Within Indie, we’ve had ringside seats to the ascendance of self-publishing in terms of both quality and quantity; sales and traditional publishing have responded. Not only are there star-earning Indie titles (which means they’ll be eligible for the recently announced Kirkus Prize), but those books are wearing stop-and-admire covers. Kirkus Reviews called CB Anderson’s River Talk, a collection of short stories set in Maine, “triumphant,” and so is its cover—a nearly glowing scarlet barn that suits the rural material. The clean, Mad Men-esque graphics of Henry’s Re-entry, by Welcome Cole, evokes the storyline—a guy in free fall who’s struggling mightily to redeem himself. A hazy Instagram-esque photo of an off-kilter man facing skyward visually sums up the wistful, well-meaning Antón, whose “social life is punctuated by drug use and casual sexual encounters,” in Nicolás Casariego’s Antón Mallick Wants to Be Happy. And the silhouettes of Jacob M. Appel’s Scouting for the Reaper neatly blend the cute and creepy.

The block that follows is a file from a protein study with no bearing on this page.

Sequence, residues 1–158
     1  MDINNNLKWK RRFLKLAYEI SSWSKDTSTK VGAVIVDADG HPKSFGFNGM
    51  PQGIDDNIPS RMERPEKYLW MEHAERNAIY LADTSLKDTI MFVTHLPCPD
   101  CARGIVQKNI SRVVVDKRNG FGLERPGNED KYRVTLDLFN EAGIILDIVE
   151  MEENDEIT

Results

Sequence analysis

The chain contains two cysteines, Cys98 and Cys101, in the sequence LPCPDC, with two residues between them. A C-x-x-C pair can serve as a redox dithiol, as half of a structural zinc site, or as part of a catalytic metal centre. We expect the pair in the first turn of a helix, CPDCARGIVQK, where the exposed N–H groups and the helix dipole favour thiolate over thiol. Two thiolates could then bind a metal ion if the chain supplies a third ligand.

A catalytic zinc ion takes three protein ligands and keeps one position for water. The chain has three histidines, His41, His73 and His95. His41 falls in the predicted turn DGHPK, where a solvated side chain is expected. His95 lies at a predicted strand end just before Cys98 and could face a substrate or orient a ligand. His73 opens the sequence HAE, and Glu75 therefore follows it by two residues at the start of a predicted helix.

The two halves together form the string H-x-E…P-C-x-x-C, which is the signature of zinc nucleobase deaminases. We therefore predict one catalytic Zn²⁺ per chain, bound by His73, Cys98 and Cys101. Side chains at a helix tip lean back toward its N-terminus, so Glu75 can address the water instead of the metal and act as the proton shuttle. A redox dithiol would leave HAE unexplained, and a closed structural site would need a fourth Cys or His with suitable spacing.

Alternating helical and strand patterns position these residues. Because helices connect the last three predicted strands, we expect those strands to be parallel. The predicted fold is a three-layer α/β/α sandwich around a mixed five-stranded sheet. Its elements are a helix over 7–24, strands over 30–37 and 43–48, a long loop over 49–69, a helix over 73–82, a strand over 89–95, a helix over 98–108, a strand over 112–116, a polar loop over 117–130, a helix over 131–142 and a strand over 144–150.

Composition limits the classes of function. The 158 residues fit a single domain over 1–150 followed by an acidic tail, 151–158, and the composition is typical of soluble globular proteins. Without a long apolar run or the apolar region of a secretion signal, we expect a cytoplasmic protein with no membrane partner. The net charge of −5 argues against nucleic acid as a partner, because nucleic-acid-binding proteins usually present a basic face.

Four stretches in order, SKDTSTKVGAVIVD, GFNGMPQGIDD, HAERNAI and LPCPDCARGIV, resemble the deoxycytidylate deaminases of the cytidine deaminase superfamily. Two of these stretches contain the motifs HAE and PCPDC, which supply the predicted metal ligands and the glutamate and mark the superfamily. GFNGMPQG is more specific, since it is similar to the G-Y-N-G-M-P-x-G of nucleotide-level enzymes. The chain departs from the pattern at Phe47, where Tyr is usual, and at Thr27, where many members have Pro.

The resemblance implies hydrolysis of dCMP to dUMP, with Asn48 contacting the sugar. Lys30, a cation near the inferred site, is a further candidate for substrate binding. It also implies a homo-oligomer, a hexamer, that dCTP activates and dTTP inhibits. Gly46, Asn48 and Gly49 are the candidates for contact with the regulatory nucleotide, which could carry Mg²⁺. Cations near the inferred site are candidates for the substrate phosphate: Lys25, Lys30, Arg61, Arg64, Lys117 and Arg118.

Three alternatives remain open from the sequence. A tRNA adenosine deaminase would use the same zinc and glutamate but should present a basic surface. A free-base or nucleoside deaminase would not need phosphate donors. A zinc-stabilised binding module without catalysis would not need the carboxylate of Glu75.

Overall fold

– Karen Schechner
Karen Schechner is the senior indie editor at Kirkus Reviews.